How should brands get there?
At Story Worldwide we stimulate and sustain conversations that matter to clients by tapping into an existing meta-conversation—a national or global discourse that folks we want to engage with genuinely care about. The question is, how do you identify these conversations?
The surest way to identify these conversations is through a multifaceted understanding of and cultural insight into audiences. When investigating a brand’s audience at Story, we go beyond demographics, key behaviour traits and consumption habits (whether in-store or online) to uncover tastes, deep-seated motivations, emotional and contextual mind-sets, desires and unmet needs—all with the aim of understanding who, what, how and why we are. This ensures an exhaustive view that draws out the insights and triggers that make a difference. Journalists, fashion designers and studio bosses (to name a few) have informed their planning and investment decisions by cultivating an instinct for their consumers’ motivations and tastes and, crucially, the cultural contexts in which they live. In marketing and in business more broadly, we can lose sight of this perspective when attempting to rationalise and quantify everything.
Who does it well?
Communications work when, in acknowledging an audience’s unmet or underserved need, they reflect and satisfy that demand in distinctive and rewarding ways. This approach was at the heart of some of the great campaigns of the past half-century, including Nike’s “Just Do It” and Red Bull’s “Stratos.”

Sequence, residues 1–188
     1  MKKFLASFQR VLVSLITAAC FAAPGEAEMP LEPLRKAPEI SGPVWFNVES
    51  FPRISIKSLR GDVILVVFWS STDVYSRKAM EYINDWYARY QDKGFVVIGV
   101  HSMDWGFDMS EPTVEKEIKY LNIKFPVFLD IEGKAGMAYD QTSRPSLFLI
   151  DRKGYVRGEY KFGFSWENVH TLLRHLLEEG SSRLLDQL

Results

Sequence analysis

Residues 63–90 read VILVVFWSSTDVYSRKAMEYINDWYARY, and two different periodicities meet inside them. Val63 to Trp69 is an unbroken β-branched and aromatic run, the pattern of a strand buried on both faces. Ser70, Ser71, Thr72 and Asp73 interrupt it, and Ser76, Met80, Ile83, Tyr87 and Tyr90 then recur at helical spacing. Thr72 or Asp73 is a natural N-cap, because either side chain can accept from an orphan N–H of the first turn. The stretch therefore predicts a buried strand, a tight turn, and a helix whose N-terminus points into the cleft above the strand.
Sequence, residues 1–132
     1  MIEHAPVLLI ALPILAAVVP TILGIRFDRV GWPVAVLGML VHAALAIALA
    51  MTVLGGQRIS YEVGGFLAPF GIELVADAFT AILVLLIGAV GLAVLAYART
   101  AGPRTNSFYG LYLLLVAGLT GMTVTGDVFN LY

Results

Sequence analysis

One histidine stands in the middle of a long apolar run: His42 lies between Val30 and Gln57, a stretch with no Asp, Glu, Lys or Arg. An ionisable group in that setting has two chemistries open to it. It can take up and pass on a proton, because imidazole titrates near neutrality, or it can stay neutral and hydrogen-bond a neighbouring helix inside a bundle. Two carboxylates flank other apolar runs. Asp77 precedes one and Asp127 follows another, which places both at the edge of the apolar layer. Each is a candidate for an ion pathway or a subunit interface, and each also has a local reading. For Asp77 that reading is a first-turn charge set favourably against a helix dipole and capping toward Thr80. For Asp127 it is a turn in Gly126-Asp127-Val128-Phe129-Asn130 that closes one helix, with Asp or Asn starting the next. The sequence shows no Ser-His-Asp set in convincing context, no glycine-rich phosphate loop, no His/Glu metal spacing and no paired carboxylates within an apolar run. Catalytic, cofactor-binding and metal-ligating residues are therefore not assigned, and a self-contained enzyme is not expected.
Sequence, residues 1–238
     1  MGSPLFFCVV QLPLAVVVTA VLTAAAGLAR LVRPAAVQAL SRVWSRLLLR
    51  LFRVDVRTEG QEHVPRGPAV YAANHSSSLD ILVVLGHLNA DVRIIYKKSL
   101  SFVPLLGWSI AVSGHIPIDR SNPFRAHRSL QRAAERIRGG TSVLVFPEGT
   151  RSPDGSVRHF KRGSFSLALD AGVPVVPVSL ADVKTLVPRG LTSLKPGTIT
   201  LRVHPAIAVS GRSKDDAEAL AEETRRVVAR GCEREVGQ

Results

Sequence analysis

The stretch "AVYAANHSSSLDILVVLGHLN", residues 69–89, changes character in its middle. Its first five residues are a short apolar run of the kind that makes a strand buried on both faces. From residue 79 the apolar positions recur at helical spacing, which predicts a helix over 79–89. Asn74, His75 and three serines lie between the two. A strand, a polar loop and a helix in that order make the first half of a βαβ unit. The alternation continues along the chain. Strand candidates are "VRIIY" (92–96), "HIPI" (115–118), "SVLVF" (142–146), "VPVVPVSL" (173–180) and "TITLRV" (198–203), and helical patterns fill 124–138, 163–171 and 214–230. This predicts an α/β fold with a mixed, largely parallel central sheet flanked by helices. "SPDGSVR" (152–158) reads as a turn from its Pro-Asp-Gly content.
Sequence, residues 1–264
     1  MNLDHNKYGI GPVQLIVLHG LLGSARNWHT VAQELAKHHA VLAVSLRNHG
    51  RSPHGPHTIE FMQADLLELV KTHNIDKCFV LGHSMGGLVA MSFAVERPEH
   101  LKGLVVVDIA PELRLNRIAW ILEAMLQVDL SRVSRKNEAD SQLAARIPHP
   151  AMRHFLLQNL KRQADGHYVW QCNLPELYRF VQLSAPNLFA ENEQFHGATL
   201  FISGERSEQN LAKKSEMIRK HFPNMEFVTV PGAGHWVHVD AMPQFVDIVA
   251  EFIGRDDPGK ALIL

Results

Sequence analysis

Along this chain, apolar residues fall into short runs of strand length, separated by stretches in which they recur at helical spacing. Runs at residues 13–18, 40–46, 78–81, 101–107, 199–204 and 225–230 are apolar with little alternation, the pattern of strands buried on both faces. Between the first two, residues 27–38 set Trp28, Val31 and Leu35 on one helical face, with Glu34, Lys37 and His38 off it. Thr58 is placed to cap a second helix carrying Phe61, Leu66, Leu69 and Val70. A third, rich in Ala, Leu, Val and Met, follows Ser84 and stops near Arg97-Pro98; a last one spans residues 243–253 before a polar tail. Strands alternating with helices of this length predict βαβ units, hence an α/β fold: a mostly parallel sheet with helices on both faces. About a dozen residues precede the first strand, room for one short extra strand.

In the case of Nike in 1987, Dan Wieden, with a psychologist’s instinct, saw a nation wounded by the recent stock market crash and the Iran-contra affair and in desperate need of rediscovering some of its old confidence and satisfied it with a punchy, can-do, identifiably American declaration (for more on how, read Douglas Holt’s fascinating 2012 book Cultural Strategy).
For Red Bull, the strategy drew on the universal: mining human beings’ desire to push ever forward and redefine what’s possible. In the process Red Bull revived the spirit of the major events, such as the moon landing, that captured humanity’s imagination. In each case, tapping into the cultural context was a key factor in building value and influencing behaviour, including buying, recommending and sharing. The most successful brands take advantage of the opportunities this offers their business (Oreo being a recent high-profile tactical example).
Photo: AFP PHOTO / www.redbullcontentpool.com / Jay Nemeth
What should brands do with this insight?
The bonus for brands is that you don’t have to be a global advertiser with a $100 million budget to become a part of people’s lives (the true measure of effective communications, as commentator Faris Yakob suggests). This film on ADHD (Story client work) is a good example of how insight brought to life by storytelling can influence people’s lives and get them sharing, even on the most challenging budgets. All the data in the world will achieve only so much as long as it fails to capture or relate to what makes us human: our deep-down desires, needs and motivations, the things that really inform our behaviour. Even then, this insight must be shaped, nurtured and invested in with pride by professionals for it to come to life in a way that people, clients and consumers alike, love and can’t help but share. Ultimately, we are just people, more similar than differing—whether clients, agencies or consumers—all with attributes, motivations, needs and traits, living in the same world: a fact worth remembering the next time a vast spreadsheet is heralded as the font of all wisdom.